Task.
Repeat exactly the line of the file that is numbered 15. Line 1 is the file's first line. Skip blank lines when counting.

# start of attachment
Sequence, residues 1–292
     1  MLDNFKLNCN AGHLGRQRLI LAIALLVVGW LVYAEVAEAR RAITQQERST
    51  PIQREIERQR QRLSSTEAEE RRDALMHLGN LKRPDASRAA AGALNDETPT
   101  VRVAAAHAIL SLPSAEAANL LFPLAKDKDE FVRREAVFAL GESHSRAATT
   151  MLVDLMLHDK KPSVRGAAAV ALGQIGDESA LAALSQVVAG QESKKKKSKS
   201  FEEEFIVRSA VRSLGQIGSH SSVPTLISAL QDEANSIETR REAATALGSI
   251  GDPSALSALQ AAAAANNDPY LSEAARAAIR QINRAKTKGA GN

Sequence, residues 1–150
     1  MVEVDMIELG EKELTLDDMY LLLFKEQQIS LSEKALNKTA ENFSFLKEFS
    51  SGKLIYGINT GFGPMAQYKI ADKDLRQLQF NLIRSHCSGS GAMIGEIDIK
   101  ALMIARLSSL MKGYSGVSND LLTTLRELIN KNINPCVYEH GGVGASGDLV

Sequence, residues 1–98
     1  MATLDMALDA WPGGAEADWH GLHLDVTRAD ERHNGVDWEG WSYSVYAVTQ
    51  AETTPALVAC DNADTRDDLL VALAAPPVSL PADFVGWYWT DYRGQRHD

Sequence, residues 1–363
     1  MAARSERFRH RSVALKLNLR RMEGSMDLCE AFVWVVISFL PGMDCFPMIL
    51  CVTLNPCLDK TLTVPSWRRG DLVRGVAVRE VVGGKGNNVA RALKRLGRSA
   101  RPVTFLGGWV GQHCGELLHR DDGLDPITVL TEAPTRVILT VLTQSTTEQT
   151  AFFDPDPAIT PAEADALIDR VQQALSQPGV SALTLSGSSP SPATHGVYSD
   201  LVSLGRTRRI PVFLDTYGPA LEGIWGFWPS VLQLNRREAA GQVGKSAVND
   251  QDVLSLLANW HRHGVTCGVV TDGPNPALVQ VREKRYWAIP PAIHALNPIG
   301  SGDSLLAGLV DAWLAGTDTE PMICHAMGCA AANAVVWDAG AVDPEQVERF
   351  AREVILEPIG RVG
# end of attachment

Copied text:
Sequence, residues 1–363